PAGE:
(23) With these considerations in mind the Goddess of Wealth and Splendor turned to Him Mukunda, the reservoir of Transcendence who was so desirable and qualified in every way as the husband of her choice - even though He had no desire for it. He, after all, did not depend on others and had the extraordinary, supreme qualities perfect in every respect. (24) After placing on His shoulders a ravishing, fresh garland of lotuses vibrating with humming, maddened bumblebees, she remained, with a shy smile and glittering eyes, at His side with His bosom as her true resort. (25) He, the father of the three departments of the universe, made His bosom the residence of the mother, the goddess, the supreme [representative of all] opulence. She installed there mercifully overseeing the three worlds increases the fortune of His servants and leaders. (26) The servants of the gods and their women [the dancers and singers of heaven], all became engaged in singing and dancing accompanied by the loud sound of musical instruments like conch shells, bugles and drums. (27) Brahmâ, S'iva and all the directors of the world headed by Angirâ honored the Supreme Personality by showering flowers and chanting mantras that described His true nature. (28) With the merciful glance of the Goddess resting upon the godly ones, the fathers of mankind and their generations, they were all blessed with good conduct and good qualities and thus achieved the ultimate satisfaction.

    (29) But when the Daityas and Dânavas oh King, were neglected by Lakshmî they, being depressed in their aching greed, got disheartened and lost all sense of shame. (30) Thereupon Vârunî, the goddess of the drunkards appeared, a young lotus-eyed girl who, with the permission of the Lord, was accepted by the Asuras.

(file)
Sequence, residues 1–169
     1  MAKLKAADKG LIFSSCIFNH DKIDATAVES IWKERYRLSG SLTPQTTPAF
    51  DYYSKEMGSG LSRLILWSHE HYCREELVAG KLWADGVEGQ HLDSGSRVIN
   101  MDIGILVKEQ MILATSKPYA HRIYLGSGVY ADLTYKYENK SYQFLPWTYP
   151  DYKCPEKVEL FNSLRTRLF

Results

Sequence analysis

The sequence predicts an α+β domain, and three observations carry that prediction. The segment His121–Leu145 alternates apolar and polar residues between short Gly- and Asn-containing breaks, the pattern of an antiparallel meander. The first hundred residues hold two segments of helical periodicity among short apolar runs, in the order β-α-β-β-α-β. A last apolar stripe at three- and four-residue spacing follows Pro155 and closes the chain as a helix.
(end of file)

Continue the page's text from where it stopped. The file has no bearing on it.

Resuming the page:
(31) With the sons of Kas'yapa thereupon [again] zealously churning the ocean for the nectar, there [finally] appeared a most wonderful man oh great King. (32) He was tall, youthful, had stout and strong arms, a neck like a conch, a dark skin, reddish eyes, a garland and was adorned with all kinds of ornaments. (33) Being clad in yellow, with a broad chest, with well polished, jeweled earrings, with gleaming curly locks of hair and decorated with bangles he, as strong as a lion, came forward with a jar that was filled to the rim with nectar. (34) He was a partial appearance of a part of Lord Vishnu Himself known by the name of Dhanvantari who, seeing to medical science, was one of the demigods entitled to a share in the offerings. (35) All the Asuras who saw him with the container full of nectar, greedy after the contents, immediately snatched the pot away. (36) When the pot of nectar was carried away by the Asuras, the demigods were desolate and turned to the Lord for their protection. (37) When He saw their sadness the Supreme Lord who always acts according to the desires of His servants said: 'Do not grieve, I will personally see to it that the nectar will be there for all of you.' (38) Oh master of man, there was a quarrel among them [the Asuras] about the nectar in which they with a thirsting heart said: 'Me first, me first, not you, not you!' (39-40) Others roared: 'The gods were of a likewise effort in the duty of sacrifice and deserve an equal share. This is a matter of traditional duties [sanâtana dharma]!' The Daityas violently trying to appropriate the jug thus being envious and weak constantly denied each other the right oh King. (41-46) After this had passed Lord Vishnu, the Supreme Controller who has a solution for any problem, assumed the form of a supremely beautiful, wonderful woman who mystified them all. Pleasing to behold she was as dark as a newly grown lotus. She was of the greatest beauty and harmony in all her limbs, she had a straight nose, fine cheeks and ornamented ears. She had fresh, firm, young but weighty breasts to her thin waist and a blissful expression on her face. She looked a bit anxious because of the humming bumblebees around her. With the mass of her beautiful, waving hair and the mallikâ flower garland about her attractive neck, with the beauty of her arms that were ornamented with the finest jewelry and bangles, with the fair sari spread over her breast that was an island of beauty and with the belt that covered her waist, she moved about gracefully with her ankle bells. Coyly casting her glances while moving with her eyebrows, she gave rise to a constant lusty desire in the core of the hearts of the Daitya leaders.'